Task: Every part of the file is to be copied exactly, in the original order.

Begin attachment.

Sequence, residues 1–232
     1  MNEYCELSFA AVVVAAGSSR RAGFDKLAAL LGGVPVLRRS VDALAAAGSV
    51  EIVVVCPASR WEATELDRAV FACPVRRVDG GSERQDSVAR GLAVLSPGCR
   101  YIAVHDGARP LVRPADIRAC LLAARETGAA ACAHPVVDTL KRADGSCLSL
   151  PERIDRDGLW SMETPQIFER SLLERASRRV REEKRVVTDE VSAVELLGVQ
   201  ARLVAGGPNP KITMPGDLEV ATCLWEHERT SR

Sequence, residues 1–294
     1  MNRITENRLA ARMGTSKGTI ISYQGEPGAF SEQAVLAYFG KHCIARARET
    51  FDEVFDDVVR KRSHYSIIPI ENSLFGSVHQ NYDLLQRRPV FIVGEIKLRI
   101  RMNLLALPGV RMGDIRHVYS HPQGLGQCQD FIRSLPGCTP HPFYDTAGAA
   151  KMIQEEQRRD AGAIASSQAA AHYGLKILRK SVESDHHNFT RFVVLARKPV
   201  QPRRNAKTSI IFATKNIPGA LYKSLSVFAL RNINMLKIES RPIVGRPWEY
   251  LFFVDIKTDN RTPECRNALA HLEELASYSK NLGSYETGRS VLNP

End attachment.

Sequence, residues 1–232
     1  MNEYCELSFA AVVVAAGSSR RAGFDKLAAL LGGVPVLRRS VDALAAAGSV
    51  EIVVVCPASR WEATELDRAV FACPVRRVDG GSERQDSVAR GLAVLSPGCR
   101  YIAVHDGARP LVRPADIRAC LLAARETGAA ACAHPVVDTL KRADGSCLSL
   151  PERIDRDGLW SMETPQIFER SLLERASRRV REEKRVVTDE VSAVELLGVQ
   201  ARLVAGGPNP KITMPGDLEV ATCLWEHERT SR

Sequence, residues 1–294
     1  MNRITENRLA ARMGTSKGTI ISYQGEPGAF SEQAVLAYFG KHCIARARET
    51  FDEVFDDVVR KRSHYSIIPI ENSLFGSVHQ NYDLLQRRPV FIVGEIKLRI
   101  RMNLLALPGV RMGDIRHVYS HPQGLGQCQD FIRSLPGCTP HPFYDTAGAA
   151  KMIQEEQRRD AGAIASSQAA AHYGLKILRK SVESDHHNFT RFVVLARKPV
   201  QPRRNAKTSI IFATKNIPGA LYKSLSVFAL RNINMLKIES RPIVGRPWEY
   251  LFFVDIKTDN RTPECRNALA HLEELASYSK NLGSYETGRS VLNP